The Toronto Comic Arts Festival is one of the highlights of the North American
comics year, but there is always a little anxiety about border crossings. These anxieties predate the current US government administration, although things like the Gisele Lagace incident have ratcheted up anxiety. (She was denied at the border coming to America because she declared work she was doing in the US)

This year’s event was not without incident, as Brigid Alverson reports at Smash Pages. Massive Goods founder Anne Ishii was detained for two hours, her luggage and devices searched:

While en route to the Toronto Comic Arts Festival (TCAF), translator and agent Anne Ishii was detained at Billy Bishop Airport in Toronto for over two hours yesterday as Canadian customs officers questioned her and went through every book in her luggage to determine whether she was bringing comics illegally into the country.

Ishii was traveling to TCAF to accompany manga-ka Gengoroh Tagame, whose manga My Brother’s Husband is debuting at the show. While My Brother’s Husband, a story about a Japanese man learning to accept his late brother’s life as an openly gay man in Canada, is a gentle, slice-of-life story that is well suited to teen readers, Tagame is also a well known creator of sexually explicit gay BDSM manga. The Canadian customs service has a history of viewing comics in general and manga in particular with suspicion.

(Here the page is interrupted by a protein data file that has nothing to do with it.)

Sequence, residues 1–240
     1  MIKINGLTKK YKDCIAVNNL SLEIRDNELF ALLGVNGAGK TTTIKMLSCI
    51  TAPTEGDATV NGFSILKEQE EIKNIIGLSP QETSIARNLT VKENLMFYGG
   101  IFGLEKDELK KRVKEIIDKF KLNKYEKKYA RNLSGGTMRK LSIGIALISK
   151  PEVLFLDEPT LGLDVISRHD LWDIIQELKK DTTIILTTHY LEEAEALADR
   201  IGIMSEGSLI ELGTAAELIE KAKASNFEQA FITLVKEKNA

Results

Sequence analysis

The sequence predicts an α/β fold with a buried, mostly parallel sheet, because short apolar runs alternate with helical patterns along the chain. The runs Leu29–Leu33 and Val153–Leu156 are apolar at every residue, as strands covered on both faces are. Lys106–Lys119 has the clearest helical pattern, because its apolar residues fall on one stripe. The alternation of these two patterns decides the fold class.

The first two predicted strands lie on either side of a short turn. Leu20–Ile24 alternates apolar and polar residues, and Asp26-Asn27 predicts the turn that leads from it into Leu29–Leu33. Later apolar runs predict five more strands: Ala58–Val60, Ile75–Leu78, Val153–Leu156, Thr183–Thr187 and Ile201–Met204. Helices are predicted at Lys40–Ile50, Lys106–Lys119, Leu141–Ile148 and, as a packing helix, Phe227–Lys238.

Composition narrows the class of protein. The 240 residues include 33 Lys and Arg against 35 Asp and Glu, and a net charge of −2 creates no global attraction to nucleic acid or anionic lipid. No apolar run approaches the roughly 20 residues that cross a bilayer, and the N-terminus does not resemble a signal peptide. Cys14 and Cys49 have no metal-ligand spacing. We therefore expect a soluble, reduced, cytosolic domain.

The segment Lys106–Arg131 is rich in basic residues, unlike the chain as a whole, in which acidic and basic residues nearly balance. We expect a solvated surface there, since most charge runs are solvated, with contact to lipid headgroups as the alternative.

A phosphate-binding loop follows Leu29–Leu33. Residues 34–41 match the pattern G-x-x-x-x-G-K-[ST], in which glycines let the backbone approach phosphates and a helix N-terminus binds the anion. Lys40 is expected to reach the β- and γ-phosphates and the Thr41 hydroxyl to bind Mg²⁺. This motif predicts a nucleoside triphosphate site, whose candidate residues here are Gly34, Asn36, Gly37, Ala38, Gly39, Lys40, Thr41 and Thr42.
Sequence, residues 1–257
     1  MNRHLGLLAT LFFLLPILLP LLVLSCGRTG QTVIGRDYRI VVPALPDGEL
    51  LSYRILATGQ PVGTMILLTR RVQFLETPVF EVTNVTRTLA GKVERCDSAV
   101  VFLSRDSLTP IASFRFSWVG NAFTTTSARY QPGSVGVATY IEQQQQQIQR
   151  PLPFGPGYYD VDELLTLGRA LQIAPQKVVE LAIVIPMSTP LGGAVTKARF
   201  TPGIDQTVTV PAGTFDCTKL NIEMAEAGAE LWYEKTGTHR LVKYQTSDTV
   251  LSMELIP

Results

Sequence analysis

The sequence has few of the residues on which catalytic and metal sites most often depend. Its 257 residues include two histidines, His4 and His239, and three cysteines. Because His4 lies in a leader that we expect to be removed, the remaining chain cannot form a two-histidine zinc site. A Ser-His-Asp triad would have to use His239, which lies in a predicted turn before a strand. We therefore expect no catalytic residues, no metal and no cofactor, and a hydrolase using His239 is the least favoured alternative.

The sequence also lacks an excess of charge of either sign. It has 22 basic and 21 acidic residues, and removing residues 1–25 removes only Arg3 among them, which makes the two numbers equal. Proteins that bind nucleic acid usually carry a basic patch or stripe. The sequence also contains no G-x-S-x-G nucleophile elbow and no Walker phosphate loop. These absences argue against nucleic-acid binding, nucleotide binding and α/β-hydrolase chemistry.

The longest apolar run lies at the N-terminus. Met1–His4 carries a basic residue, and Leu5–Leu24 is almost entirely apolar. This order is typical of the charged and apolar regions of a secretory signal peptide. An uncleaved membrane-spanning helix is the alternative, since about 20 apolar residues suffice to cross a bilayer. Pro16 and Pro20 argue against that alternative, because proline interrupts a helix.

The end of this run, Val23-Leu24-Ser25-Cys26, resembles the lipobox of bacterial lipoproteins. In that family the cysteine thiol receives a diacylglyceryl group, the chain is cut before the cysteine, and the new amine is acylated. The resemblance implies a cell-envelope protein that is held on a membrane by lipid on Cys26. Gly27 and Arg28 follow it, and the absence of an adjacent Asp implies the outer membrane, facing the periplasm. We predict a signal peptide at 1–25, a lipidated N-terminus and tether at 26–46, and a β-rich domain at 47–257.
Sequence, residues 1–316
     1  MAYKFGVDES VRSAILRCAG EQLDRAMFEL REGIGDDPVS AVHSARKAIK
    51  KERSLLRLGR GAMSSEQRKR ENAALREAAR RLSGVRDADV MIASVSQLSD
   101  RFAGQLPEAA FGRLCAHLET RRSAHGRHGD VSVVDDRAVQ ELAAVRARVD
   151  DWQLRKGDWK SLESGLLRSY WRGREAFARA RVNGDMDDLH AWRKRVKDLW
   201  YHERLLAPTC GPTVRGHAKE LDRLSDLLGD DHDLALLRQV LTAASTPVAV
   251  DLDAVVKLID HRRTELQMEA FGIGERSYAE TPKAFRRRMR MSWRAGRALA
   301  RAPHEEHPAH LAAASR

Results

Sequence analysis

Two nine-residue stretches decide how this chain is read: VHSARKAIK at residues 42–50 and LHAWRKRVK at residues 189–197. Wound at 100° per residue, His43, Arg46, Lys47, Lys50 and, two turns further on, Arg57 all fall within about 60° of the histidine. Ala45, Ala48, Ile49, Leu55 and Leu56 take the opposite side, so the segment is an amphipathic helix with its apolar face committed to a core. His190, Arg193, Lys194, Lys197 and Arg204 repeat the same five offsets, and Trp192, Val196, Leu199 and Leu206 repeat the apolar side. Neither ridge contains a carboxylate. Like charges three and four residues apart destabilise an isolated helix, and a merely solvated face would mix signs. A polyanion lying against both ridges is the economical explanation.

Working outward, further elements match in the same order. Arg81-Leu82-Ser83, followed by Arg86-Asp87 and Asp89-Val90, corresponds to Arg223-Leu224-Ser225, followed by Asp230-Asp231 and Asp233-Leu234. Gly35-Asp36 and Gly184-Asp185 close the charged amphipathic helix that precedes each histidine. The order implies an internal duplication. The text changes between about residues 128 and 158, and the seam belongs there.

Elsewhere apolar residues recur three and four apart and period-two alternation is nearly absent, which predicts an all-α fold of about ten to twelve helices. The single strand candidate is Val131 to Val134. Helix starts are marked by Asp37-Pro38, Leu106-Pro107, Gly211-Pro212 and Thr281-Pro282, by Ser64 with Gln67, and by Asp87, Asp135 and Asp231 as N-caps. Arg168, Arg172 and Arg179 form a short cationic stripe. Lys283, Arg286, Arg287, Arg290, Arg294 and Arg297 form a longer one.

Just go to Alverson’s report for all the details. Although Ishii and her books were eventually allowed to come into Canada, it was an unpleasant experience and backs up that Canadian officials are very gun shy about manga, especially explicit manga.

Complicating matters a bit is that Tagame’s best known work is DEFINITELY erotica, dealing with extreme gay BDSM material. (His new book, published here by Random House, is non explicit, though.) Canadian border officials were most worried that the material contained sex with animals or children, which it most certainly DOES NOT. But, it’s also easy to see how they could have become suspicious.

Although the outcome seems to have been generally alright, this was clearly not a great experience for Ishii. TCAF gives attendees and exhibitors a lot of advice about border crossing, and there are best practices that should be followed.

In other words, this stuff isn’t always easy. I’m thankful Ishii and her books made it to Canada, but it’s also a cautionary tale. Given the huge number of queer cartoonists and comics ealing with LGBTQ+ issues at TCAF it’s also one that may come up again and again. It’s good to learn from Ishii’s overall professionalism here.


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